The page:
The majority of our days spent in Portland was rainy or drizzly (not a surprise), so on the only day that clouds were the only things overhead we jumped on the motorcycle out towards Mount Hood. On the west side of the peak there is a loop that takes you through the forest, across a glacial river and on to Ramona Falls. We went there having just seen the pictures and didn’t actually know anything about the hike until we were at the trailhead, straining to read the information board that was so sun bleached and almost rotted away with rain we could barely make out the direction of the trail. It turned out to be a 7 mile loop and apparently there is a seasonal bridge put up sometime in May, and taken down in October. The bridge wasn’t up yet, but the river was low enough to hop from tree stump to rock to the opposite bank. I guess they only require hikers to pay permit fees when the bridge is up, since the fee box was locked up when we got there. We also saw only one other person on the trail, so it was obviously not yet prime hiking season.

The level of the river was low enough that the absence of the seasonal bridge didn't stop us crossing & getting to the rest of the trail
The level of the river was low enough that the absence of the seasonal bridge didn’t stop us crossing & getting to the rest of the trail

The minute we got off the main highway and onto smaller semi-paved wilderness roads, the forest surrounding us got so much thicker and denser! While hiking there was a constant dampness in the air; instead of grass that much moisture made an inch thick carpet of moss throughout the forest. The trail was rocky, but the ground on either side was the most ‘alive’, almost luminescent green moss! Lichen grew on all the rocks and trees – it was amazing.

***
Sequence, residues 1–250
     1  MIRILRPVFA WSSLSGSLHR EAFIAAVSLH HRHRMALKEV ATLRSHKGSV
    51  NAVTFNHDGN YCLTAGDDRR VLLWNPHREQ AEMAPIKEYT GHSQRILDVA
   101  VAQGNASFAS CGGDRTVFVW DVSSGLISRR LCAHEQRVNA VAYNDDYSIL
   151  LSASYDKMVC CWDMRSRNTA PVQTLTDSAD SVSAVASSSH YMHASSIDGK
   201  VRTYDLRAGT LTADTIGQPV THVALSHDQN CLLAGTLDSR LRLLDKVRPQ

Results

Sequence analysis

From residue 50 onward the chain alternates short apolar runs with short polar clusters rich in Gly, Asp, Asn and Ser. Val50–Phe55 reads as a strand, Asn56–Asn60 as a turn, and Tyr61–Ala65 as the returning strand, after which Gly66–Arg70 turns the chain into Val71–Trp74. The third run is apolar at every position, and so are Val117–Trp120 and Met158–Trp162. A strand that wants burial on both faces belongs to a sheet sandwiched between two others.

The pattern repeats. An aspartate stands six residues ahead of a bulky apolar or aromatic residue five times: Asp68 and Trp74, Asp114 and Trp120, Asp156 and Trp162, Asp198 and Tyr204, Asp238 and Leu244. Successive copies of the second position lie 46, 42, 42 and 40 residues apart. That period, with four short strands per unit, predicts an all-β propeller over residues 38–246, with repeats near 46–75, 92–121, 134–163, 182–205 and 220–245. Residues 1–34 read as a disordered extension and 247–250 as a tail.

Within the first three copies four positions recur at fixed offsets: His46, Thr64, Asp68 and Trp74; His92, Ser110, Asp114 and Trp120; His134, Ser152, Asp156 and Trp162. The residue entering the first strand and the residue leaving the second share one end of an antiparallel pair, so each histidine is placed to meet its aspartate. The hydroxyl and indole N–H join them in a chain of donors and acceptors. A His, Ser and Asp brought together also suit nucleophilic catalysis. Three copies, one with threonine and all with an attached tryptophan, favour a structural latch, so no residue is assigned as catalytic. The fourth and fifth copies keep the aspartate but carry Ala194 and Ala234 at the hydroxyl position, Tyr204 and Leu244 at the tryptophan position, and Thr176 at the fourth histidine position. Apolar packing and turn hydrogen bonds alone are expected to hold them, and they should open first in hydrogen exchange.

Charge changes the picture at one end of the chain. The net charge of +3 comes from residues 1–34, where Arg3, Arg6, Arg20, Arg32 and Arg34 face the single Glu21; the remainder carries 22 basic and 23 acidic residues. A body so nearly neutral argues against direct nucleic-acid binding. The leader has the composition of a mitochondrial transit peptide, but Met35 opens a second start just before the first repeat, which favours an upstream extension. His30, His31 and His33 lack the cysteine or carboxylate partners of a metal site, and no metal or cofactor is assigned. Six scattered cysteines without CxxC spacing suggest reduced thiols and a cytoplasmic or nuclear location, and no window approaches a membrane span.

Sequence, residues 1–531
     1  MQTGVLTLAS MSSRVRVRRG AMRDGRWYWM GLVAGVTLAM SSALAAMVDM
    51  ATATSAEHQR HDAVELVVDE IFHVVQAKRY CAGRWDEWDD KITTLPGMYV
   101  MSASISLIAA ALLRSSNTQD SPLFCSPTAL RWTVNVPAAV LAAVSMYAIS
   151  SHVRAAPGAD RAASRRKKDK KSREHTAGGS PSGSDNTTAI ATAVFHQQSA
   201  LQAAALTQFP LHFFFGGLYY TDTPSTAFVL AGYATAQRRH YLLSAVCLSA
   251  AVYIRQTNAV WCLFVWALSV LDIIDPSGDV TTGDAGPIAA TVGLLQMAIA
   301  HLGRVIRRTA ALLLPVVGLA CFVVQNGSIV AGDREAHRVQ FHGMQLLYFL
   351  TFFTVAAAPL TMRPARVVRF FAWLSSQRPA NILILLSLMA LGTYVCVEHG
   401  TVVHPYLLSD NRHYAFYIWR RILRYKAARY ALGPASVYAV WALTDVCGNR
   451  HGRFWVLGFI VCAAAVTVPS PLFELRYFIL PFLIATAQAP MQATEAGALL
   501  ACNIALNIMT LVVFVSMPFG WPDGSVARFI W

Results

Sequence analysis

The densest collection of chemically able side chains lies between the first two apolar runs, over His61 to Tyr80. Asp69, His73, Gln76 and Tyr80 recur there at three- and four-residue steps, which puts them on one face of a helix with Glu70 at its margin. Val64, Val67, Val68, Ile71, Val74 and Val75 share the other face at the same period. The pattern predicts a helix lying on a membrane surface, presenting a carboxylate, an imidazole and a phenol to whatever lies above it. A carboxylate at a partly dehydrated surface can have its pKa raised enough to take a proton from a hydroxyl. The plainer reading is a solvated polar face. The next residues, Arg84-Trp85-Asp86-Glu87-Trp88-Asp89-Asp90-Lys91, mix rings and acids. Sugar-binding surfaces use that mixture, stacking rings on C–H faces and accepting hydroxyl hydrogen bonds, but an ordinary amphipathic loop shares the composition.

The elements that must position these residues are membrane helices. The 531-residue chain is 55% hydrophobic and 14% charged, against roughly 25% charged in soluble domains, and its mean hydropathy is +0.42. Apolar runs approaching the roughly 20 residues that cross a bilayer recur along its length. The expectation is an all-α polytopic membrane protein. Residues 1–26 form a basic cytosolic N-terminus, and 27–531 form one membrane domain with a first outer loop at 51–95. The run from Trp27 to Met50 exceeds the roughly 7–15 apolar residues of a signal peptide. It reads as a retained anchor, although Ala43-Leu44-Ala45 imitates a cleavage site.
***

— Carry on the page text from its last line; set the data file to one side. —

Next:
Beautiful greenery

Walking up the mostly dry riverbed we could see mt Hood above us, snow capping that whole part of the summit visible to us. Even though the trail climbed a bit in elevation we never saw any snow other than that on the mountain… which I was grateful for since it was already quite chilly on the trail and outright cold up by the waterfall. The trail itself is really easy, if a bit longer than the usual ‘afternoon hike’; the rise in elevation is gradual, and the scenery we walked through was so captivating (beautifully captivating) that I hardly noticed how long it took to get to the falls!

From the river we could see the peak... it didn't even look that far away!
From the river we could see the peak… it didn’t even look that far away!

From what I could make out on the trail map, there are a number of different little paths that follow the trail, including some equestrian paths; the one we took followed a little creek upstream for most of the way, with little pools and smaller falls every now and again, and a 60 foot tall cliff side about a quarter-mile before the falls. We never got any rain in the forest, though the moisture in the air made condensation in Kiernan’s magical fairy beard and both our eyelashes. 🙂

Mt Hood wilderness

And then the trail opened up to Ramona falls… gorgeous! Mist from the falling water settled all around the last bridge, and in the clearing in front of the immense wall of water all the rocks were slick & wet. The bottom of the multi storied falls has large mound of rounded stones in various falls that deafen the falls. And rather than a central pillar of crashing water it hits the numerous boulders creating a menagerie of mini falls and trickles like a thousand water slides that all together create a web like effect where its the individual parts that really create the whole. Quite an unusual waterfalls but so gorgeous with the moss-covered stones, surrounds, and milky mist surrounding the impact area. We shuffled around until we found our respective cozy spots and just relaxed for a while – the sound of crashing water was very mellowing. With wet bums and the threat of a chilly afternoon we finally collected ourselves and did the outside of the trail loop heading back to town.

Soft, fluffy moss

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